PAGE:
My criticism of the game from the start has been that there is nothing that teaches new people that these things even exist.
I'm not trying to be derogatory here, I just really do not understand it. How could somebody gain 20-25 levels without ever looking at their full enhancements list? It strikes me as a complete lack of any interest in learning more about the game and their character.
But...my approach consists of reading what is on the screen in front of me...
I'll admit I spend as little time around people as I can, but could humanity really have devolved to the point where simply reading what is in front of you is considered too hard, too much effort, "too much like school?"
I also mentioned the possibility of a language barrier, and someone else mentioned the possibility that a player may be a child. Tbh, we really haven't enough information to be any kind of judgmental.
Thanks for this nice wall of text. You are giving advice to those who do not search for advice. Of course they are not happy about that. You are linking ddo wiki to people who did not ask for help and which you do not know in advance, enough reason for me to put you on ignore list if I were in their situation. And finally there are actually good reasons in some builds to not use the prestige enhancements.
Last edited by morkahn82; 08-02-2013 at 02:29 AM.
I know first-hand this is pure lies, because I have heard people say these things. This is just another person trying to put forth his opinions as fact. Sadly, using lies to support his argument just trashes his credibility. I didn't even bother to read the rest.You don’t hear people say they read books for fun or watch films for fun or play sports for fun. Maybe they play sports “for the exercise”, but not “for fun”. (Michael Lowell)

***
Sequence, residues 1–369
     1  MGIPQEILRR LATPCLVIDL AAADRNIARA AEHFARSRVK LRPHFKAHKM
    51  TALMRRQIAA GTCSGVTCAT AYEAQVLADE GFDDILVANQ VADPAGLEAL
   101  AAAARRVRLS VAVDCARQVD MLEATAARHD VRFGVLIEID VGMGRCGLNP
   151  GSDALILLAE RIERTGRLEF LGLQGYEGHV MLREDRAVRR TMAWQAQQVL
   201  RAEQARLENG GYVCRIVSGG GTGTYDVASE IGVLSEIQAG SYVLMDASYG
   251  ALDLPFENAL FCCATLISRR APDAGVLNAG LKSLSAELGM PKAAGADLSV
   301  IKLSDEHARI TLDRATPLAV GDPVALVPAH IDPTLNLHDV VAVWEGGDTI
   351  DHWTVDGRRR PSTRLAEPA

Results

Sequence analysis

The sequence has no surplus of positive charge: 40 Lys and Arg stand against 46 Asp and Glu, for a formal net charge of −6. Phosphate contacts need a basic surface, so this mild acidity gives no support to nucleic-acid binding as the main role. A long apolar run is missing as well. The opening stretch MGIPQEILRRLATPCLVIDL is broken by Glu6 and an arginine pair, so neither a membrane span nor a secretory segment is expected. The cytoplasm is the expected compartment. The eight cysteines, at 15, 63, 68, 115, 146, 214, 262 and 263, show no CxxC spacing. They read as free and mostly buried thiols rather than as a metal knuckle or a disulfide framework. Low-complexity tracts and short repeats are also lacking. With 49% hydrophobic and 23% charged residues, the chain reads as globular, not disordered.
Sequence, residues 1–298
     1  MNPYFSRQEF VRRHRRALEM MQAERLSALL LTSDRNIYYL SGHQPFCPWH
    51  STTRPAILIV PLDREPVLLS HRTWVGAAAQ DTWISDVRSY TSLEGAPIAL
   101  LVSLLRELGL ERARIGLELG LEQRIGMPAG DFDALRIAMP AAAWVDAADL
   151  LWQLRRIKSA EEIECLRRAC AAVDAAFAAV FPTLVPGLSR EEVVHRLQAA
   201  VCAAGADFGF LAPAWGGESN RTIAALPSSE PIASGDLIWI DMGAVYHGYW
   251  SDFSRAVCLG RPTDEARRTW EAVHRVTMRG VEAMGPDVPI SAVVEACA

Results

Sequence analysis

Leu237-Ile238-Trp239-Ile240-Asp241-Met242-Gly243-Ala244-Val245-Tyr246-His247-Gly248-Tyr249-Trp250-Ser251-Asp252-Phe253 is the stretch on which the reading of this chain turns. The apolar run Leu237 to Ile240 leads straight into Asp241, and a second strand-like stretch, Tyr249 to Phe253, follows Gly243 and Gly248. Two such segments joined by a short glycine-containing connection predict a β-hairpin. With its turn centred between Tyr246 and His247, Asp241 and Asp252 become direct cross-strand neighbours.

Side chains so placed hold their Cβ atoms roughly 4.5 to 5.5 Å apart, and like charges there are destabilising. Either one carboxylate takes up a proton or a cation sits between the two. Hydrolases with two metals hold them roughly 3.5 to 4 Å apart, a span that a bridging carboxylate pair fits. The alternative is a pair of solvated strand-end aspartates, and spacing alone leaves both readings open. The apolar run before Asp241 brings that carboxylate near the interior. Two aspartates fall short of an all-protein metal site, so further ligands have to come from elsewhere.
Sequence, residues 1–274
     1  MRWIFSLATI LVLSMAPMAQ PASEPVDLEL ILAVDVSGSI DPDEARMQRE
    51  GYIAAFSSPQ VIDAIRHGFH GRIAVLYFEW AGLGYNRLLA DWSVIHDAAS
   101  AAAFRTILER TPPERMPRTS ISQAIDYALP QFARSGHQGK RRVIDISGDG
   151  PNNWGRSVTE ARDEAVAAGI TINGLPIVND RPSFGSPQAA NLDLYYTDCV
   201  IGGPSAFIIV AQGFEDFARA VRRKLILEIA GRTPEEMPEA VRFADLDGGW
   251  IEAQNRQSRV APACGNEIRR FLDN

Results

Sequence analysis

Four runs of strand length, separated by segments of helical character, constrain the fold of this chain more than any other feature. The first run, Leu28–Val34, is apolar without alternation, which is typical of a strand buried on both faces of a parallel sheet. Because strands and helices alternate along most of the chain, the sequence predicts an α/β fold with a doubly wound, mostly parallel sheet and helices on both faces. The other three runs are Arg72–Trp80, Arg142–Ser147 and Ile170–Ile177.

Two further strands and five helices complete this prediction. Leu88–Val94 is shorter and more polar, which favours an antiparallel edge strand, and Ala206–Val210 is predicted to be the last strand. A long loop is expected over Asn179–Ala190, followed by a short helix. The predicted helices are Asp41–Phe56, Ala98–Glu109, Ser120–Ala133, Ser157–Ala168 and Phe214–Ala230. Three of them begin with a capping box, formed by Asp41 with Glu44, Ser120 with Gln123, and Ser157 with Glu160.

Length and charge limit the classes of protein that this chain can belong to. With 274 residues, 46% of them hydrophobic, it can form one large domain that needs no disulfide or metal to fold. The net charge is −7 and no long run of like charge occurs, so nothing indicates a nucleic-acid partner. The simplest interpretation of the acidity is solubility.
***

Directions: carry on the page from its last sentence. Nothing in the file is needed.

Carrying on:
I just don't understand why some seem to feel the need to cast derision on others simply because they are mere players who like to spend the few odd hours pretending they are a wizard, or some such, without feeling they have to have a high level of knowledge in game mechanics to do so. From looking at the simple systems the industry leaders have in place it would seem that this is far from unusual, with the parts of the game needing in-depth knowledge being mostly considered the "end game".
Some people take swimming very seriously, others just like to splash around in the pool. How is this any different other than drowning in a video game being a lot less permanent?
After all, if you do not realize that feats impact which enhancements you can take, then why would you expect to have to click "Show Unavailable" or think anything other than "This is what the game shows me as being available and that must be all that is available to me". (Just as another side note: Not everyone has played D&D edition 3+. The last edition of D&D that I played was edition 2 and there was nothing called "feats" or "prestige classes" in that game.)
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